Technology Works to Speed Fuel Transactions

With increased demands on drivers and hours-of-service regulations, pro­fessional drivers are eager to stop for what they need and get back on the road as quickly as possible. Locations are offering more convenient food options and working to speed trans­actions inside the store, but many have been limited with what they could do on the fuel islands.

“The whole fueling process could easily take 15 minutes. If the wind is blowing and it is 15 degrees, it isn’t a pleasant situation, but it is the way things have been for 40 years,” said Roger Cole, editor of NATSO’s Biz Brief and a former NATSO chairman.

For passenger vehicles, fueling is as easy as pulling up to the pump and swiping a credit card, but that isn’t the same for professional drivers. Truck­ing companies often require drivers to enter multiple data points that are designed to reduce fraud and theft but can slow the process.

Cole said he often sees drivers jotting down odometer readings and walking around the truck to gather other de­tails, such as the license plate number and the trailer number. “Then they swipe their card, wait for it to approve the transactions and answer the vari­ous prompts before the pump starts,” Cole said. “It is quite a lengthy process of items you have to input.”

The biggest dilemma for travel cen­ter operators is that they have valued customers standing outside, entering information into the pump and pos­sibly getting frustrated. “The driver says, ‘I have to stand out in the cold and you’re making me go through all of these steps,’ when in fact it isn’t the truckstop that is requiring all of that information, it is the trucking com­pany,” Cole said.

However, new technology on the fuel islands is working to change that by eliminating the number of prompts required before turning on a pump and speeding the transaction.


Mobile applications are increasing the number of things smartphone users can do by simply tapping their screens. The myPilot mobile app from Pilot Flying J is no different. “This app is designed to do one thing—make your life easier,” Pilot’s website said.

The app allows drivers to choose the diesel lane that’s likely to open first and securely stores payment card informa­tion and payment card prompts for future use. Via the app, drivers also get access to loyalty points, shower reserva­tions, and route mapping and a travel center locator.

Pegasus TransTech recently joined with the myPilot mobile application to integrate the new myPilot mobile app into its Transflo Mobile platform. The app features are automatically activat­ed by a virtual geofence, developed by Transflo, surrounding the travel center. When drivers enter the geofenced area, they receive an alert directing them to the myPilot functions. This ensures that vehicle operators do not need to use the app while driving and adds to the existing in-motion safety features of the solution.

The integrated Pilot Flying J func­tionality will be accessible by more than 400,000 drivers who use Trans­flo Mobile. “The integration immedi­ately helps carriers gain back some of the time that is being taken away by the new hours of service rules,” said Frank Adelman, chief executive offi­cer of Pegasus TransTech.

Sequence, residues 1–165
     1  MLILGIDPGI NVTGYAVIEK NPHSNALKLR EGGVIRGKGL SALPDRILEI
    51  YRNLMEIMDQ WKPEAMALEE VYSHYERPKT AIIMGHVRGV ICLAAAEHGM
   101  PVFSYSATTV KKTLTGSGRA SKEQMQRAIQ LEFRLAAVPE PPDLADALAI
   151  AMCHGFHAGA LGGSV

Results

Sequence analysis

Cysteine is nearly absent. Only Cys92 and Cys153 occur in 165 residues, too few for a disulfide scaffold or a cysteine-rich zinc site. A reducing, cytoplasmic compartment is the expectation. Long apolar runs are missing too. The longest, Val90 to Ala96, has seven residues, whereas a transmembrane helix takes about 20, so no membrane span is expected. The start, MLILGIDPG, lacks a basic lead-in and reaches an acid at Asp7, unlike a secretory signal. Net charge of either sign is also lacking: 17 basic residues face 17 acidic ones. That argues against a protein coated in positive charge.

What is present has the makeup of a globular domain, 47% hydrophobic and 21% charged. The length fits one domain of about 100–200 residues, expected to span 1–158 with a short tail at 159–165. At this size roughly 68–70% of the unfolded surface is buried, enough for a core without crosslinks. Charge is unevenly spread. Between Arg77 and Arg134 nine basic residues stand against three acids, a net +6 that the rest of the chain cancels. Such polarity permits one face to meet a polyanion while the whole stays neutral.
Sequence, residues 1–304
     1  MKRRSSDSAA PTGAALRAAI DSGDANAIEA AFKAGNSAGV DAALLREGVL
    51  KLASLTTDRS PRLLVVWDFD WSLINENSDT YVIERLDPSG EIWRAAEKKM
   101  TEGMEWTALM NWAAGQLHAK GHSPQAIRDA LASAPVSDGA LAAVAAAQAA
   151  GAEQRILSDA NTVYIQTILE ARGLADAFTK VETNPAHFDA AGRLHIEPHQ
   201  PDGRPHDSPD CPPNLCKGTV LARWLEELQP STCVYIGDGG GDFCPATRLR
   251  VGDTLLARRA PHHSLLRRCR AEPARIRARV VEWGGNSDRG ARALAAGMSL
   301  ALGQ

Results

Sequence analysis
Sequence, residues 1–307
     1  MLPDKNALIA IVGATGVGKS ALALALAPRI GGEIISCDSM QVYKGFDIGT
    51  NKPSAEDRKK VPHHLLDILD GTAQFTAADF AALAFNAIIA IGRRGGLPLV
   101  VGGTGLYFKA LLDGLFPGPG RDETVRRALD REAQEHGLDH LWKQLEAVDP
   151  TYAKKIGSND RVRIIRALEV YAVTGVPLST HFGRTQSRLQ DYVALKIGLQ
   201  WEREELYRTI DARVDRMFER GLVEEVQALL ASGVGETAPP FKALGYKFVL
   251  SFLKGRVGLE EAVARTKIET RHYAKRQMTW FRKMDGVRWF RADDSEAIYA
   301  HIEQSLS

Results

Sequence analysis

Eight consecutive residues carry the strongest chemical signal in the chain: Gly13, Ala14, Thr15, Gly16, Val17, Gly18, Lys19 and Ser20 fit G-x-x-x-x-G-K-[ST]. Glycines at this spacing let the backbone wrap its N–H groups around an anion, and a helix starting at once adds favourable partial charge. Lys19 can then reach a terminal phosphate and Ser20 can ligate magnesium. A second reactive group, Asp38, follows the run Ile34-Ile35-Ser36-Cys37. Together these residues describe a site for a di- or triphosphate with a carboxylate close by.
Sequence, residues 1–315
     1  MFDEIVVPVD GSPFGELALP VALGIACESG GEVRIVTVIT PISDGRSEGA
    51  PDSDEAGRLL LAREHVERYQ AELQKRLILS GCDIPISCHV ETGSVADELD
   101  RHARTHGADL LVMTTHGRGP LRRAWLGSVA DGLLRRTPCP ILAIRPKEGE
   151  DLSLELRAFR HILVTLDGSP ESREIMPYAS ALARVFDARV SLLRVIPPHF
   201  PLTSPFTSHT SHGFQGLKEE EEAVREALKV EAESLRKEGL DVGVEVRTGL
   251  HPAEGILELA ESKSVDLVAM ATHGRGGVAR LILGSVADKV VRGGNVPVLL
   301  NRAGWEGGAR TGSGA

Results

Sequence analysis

With radio-frequency-identification technology, a radio signal from a tag attached to the truck or trailer sends a signal to a sensor located in the fuel island canopy. Once the sensor reads the RFID tag and verifies the infor­mation with the carrier, the pump turns on and the driver can fuel the truck. The pump turns off when the truck pulls away.

QuikQ offers the technology, which costs approximately $1,700 per lane at the truckstop for the hardware and about $1 for the RFID tag carriers place in their windshields. There are about 1,700 drivers using QuikQ and more than 800 truckstops and travel plazas that either have installed or are install­ing the technology, said Tamara Wil­son, chief operating officer for QuikQ.

QuikQ is currently available at all Love’s locations, and independent operators are becoming more inter­ested in it, Wilson added.

QuikQ is integrated with trans­portation management software from McLeod and TMW, so the system can pull asset information, including details on the driver, load number and which trailer should be attached. “It knows that data before the driver gets out and it ensures fuel is going to the right asset,” Wilson said.

A location’s traffic mix will help de­termine whether or not the technology would be useful at a specific site. “If they are in the lane that doesn’t have the big three [chains] in it, they could pick up that volume,” Wilson said.

Cole acknowledged that it can be difficult for an independent op­erator to compete with some of the latest fuel-island technology, but said it could create an opportunity for a third-party provider to intro­duce a solution.

If companies do work to speed cus­tomers through the fuel island, Dar­ren Schulte, NATSO’s vice president of membership, warned that it could impact the ring on the average ticket. “If you have even fewer people com­ing into your store, you could see a decrease in sales. You’ll have to work to find ways to specifically convert those customers into purchasing cus­tomers,” he said.

via Business Feeds

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